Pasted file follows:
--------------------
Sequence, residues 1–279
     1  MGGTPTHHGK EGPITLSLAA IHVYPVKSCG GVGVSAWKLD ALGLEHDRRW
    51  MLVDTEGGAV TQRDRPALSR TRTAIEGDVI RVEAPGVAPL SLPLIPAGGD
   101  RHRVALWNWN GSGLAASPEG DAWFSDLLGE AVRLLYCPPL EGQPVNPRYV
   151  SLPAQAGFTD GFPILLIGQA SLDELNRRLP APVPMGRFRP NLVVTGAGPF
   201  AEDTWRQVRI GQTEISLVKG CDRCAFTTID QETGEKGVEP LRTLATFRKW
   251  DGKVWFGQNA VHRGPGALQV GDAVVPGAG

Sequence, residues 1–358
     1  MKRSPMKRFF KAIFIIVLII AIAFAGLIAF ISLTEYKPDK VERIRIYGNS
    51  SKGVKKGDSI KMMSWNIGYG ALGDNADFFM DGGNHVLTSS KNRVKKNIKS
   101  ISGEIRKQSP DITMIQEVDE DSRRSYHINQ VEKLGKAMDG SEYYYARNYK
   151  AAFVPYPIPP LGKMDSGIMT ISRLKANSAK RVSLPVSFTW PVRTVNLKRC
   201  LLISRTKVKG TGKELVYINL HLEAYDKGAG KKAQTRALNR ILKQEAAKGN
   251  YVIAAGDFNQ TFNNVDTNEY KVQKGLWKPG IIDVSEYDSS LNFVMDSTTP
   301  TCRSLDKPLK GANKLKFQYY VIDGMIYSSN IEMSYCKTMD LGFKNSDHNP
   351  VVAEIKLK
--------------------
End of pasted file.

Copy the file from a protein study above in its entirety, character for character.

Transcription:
Sequence, residues 1–279
     1  MGGTPTHHGK EGPITLSLAA IHVYPVKSCG GVGVSAWKLD ALGLEHDRRW
    51  MLVDTEGGAV TQRDRPALSR TRTAIEGDVI RVEAPGVAPL SLPLIPAGGD
   101  RHRVALWNWN GSGLAASPEG DAWFSDLLGE AVRLLYCPPL EGQPVNPRYV
   151  SLPAQAGFTD GFPILLIGQA SLDELNRRLP APVPMGRFRP NLVVTGAGPF
   201  AEDTWRQVRI GQTEISLVKG CDRCAFTTID QETGEKGVEP LRTLATFRKW
   251  DGKVWFGQNA VHRGPGALQV GDAVVPGAG

Sequence, residues 1–358
     1  MKRSPMKRFF KAIFIIVLII AIAFAGLIAF ISLTEYKPDK VERIRIYGNS
    51  SKGVKKGDSI KMMSWNIGYG ALGDNADFFM DGGNHVLTSS KNRVKKNIKS
   101  ISGEIRKQSP DITMIQEVDE DSRRSYHINQ VEKLGKAMDG SEYYYARNYK
   151  AAFVPYPIPP LGKMDSGIMT ISRLKANSAK RVSLPVSFTW PVRTVNLKRC
   201  LLISRTKVKG TGKELVYINL HLEAYDKGAG KKAQTRALNR ILKQEAAKGN
   251  YVIAAGDFNQ TFNNVDTNEY KVQKGLWKPG IIDVSEYDSS LNFVMDSTTP
   301  TCRSLDKPLK GANKLKFQYY VIDGMIYSSN IEMSYCKTMD LGFKNSDHNP
   351  VVAEIKLK